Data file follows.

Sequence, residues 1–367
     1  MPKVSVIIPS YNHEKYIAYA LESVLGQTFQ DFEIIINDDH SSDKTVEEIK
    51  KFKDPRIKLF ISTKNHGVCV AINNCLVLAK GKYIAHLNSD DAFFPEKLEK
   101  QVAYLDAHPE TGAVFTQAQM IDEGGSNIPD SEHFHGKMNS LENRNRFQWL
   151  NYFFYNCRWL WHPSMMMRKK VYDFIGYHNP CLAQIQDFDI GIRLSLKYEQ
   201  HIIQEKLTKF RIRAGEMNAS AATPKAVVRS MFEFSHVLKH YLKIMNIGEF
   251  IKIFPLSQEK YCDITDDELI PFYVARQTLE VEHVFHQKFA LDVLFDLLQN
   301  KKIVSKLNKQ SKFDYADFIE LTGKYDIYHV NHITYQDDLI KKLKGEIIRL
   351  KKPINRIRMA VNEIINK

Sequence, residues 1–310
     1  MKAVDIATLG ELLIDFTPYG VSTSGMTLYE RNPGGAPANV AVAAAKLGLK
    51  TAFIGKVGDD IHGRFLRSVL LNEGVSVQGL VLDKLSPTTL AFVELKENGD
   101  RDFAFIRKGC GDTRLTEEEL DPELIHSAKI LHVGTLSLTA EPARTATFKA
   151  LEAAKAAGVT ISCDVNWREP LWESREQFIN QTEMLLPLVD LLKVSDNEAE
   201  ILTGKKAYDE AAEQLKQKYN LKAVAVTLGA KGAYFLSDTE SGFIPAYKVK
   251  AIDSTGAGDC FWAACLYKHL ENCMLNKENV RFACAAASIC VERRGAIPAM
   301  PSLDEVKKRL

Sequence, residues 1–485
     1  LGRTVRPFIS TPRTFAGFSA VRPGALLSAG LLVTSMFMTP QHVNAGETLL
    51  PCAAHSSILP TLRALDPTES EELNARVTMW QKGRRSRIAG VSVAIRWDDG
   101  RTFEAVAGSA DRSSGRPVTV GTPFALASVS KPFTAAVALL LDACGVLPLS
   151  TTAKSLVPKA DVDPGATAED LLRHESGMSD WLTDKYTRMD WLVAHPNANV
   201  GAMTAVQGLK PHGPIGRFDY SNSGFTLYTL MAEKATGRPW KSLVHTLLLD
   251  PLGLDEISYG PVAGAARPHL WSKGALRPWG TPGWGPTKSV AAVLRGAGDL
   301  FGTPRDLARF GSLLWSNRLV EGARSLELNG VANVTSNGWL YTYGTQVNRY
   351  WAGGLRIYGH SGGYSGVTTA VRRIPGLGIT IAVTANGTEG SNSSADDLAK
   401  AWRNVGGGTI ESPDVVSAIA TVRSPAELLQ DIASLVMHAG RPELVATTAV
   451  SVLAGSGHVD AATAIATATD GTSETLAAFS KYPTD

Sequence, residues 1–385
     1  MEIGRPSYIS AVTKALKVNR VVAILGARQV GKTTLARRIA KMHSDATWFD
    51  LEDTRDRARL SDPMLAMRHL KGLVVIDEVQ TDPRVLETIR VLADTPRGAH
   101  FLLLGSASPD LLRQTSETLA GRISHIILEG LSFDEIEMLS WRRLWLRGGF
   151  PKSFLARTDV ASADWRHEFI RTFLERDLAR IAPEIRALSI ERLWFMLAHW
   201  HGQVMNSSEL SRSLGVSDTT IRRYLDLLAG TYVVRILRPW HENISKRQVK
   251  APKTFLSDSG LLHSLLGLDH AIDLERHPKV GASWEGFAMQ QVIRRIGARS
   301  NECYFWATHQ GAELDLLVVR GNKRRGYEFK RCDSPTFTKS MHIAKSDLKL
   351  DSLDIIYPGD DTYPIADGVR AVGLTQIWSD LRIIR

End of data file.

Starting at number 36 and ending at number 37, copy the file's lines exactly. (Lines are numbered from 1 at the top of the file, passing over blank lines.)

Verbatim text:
   301  NECYFWATHQ GAELDLLVVR GNKRRGYEFK RCDSPTFTKS MHIAKSDLKL
   351  DSLDIIYPGD DTYPIADGVR AVGLTQIWSD LRIIR